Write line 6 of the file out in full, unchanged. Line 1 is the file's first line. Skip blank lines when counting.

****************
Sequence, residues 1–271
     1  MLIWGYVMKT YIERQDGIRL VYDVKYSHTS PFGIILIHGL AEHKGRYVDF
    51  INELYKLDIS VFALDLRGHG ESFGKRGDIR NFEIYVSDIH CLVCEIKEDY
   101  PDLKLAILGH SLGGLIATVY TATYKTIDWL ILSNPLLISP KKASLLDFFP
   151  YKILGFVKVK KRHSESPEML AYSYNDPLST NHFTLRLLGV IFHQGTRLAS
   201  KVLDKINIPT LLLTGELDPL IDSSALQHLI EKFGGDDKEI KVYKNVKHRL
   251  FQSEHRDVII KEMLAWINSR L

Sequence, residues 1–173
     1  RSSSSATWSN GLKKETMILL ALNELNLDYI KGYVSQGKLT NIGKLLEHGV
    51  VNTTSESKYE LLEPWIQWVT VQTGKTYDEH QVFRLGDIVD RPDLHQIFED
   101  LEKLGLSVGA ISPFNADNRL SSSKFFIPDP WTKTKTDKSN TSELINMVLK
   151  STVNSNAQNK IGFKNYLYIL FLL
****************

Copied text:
   201  KVLDKINIPT LLLTGELDPL IDSSALQHLI EKFGGDDKEI KVYKNVKHRL